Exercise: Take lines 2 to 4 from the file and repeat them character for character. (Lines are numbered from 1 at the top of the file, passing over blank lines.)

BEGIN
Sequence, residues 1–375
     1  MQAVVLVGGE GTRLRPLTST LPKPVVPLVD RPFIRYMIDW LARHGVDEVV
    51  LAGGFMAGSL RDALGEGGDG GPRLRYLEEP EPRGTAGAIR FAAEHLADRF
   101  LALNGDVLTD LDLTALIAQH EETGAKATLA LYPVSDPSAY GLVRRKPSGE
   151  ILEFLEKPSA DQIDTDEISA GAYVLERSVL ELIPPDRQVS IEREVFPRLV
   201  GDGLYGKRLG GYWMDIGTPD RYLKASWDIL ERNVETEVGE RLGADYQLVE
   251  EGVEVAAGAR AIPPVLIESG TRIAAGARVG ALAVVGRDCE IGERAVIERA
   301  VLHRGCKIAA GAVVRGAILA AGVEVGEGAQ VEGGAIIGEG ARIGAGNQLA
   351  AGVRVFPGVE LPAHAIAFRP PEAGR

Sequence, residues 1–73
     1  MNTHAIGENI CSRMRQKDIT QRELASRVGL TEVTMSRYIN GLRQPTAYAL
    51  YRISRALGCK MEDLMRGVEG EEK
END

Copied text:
     1  MQAVVLVGGE GTRLRPLTST LPKPVVPLVD RPFIRYMIDW LARHGVDEVV
    51  LAGGFMAGSL RDALGEGGDG GPRLRYLEEP EPRGTAGAIR FAAEHLADRF
   101  LALNGDVLTD LDLTALIAQH EETGAKATLA LYPVSDPSAY GLVRRKPSGE